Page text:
Ben W. Garcia Economics Scholarship

   

Criteria

  • Be a full-time undergraduate student pursuing a degree in economics
  • Be of junior or senior class level
  • Exhibit overall academic merit
  • Submit a paper written for an economics class that illustrates an interdisciplinary approach to economics by a) combining the analytical methods of economics with the analytical methods of another social science, b) applying economic analysis to a cultural, social or political topic, or c) introducing cultural, social or political considerations into an economic analysis of an economic topic.
  • Preference shall be given to an Economics major who is pursuing a minor in the social sciences or the humanities.

History

Ben Garcia received a B.S. in Economics from Colorado State University in 1981. He continued studying economics at the University of Notre Dame, receiving an M.A. in Economics with an emphasis on Labor Studies in 1983. He began working for Colorado Labor Market Information, a Colorado state government agency that produces the official employment statistics for Colorado, such as the unemployment and job growth numbers. He spent the early part of his career analyzing the Colorado economy, and explaining the analysis to other government agencies, non-profit organizations, the business community, and the news media.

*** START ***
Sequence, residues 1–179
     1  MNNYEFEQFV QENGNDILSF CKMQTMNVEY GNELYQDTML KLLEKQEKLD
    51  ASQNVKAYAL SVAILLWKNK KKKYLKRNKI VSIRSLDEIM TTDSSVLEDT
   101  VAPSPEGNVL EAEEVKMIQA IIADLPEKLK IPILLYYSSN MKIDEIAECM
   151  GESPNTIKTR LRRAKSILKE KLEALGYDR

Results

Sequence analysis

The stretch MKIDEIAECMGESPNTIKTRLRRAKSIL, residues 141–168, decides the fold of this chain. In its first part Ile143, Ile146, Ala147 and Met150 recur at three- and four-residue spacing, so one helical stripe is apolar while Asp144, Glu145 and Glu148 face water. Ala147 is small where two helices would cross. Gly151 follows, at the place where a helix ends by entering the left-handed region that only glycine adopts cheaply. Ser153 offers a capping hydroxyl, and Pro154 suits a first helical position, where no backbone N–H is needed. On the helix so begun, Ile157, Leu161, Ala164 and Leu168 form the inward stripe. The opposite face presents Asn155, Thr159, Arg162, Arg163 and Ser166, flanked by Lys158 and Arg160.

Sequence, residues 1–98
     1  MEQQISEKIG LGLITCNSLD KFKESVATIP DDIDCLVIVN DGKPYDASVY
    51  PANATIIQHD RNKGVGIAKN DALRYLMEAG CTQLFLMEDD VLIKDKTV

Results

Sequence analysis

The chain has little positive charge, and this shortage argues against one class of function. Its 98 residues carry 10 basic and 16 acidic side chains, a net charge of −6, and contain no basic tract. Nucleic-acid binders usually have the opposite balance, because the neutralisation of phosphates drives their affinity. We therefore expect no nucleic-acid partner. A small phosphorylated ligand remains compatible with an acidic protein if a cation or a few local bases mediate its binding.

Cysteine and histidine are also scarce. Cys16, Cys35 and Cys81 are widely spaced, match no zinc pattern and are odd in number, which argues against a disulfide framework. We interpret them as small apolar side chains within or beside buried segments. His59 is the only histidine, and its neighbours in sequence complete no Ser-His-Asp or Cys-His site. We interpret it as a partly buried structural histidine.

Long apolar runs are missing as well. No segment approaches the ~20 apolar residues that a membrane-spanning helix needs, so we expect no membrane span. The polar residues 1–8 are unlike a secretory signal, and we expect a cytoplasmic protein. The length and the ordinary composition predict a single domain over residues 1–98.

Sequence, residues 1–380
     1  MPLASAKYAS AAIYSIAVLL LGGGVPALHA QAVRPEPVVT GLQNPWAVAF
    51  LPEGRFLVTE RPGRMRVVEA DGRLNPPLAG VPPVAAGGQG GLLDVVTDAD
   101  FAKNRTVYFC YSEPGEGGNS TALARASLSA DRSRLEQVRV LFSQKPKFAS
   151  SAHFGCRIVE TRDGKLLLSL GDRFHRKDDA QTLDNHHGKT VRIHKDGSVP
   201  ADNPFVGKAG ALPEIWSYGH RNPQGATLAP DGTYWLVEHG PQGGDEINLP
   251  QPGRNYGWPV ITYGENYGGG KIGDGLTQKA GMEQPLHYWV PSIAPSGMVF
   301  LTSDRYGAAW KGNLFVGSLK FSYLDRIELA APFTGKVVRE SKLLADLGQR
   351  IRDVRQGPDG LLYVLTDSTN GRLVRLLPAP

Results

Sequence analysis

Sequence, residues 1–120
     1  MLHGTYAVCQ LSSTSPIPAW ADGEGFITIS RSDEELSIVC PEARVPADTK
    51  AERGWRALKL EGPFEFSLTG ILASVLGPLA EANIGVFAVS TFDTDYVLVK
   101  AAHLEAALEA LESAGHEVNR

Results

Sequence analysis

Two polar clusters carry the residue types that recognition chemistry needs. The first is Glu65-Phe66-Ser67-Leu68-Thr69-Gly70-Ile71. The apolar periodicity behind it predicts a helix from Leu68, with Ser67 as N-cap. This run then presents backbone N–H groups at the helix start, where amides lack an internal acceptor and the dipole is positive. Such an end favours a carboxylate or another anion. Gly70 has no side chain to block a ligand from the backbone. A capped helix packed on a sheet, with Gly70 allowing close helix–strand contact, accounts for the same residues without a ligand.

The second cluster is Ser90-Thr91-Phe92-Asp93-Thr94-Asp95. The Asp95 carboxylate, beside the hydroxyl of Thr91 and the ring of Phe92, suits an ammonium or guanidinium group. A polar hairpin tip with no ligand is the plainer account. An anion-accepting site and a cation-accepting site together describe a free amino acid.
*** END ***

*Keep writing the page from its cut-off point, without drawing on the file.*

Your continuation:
In the mid-1990's Ben developed an interest in the World Wide Web as a vehicle for disseminating the economic information that he helped to produce. He initiated development of one of the first web sites available from the state government in Colorado. While his career changed to one with an information technology focus, he continued his economics career by teaching economics classes for the Colorado Community Colleges and Metropolitan State College.

The purpose of the Fund is to provide scholarships to benefit undergraduate students enrolled in the Department of Economics within the College of Liberal Arts at Colorado State University. Specifically for those who are pursuing an interdisciplinary approach to economics by using knowledge from other social science or humanities fields to help explain economic phenomena.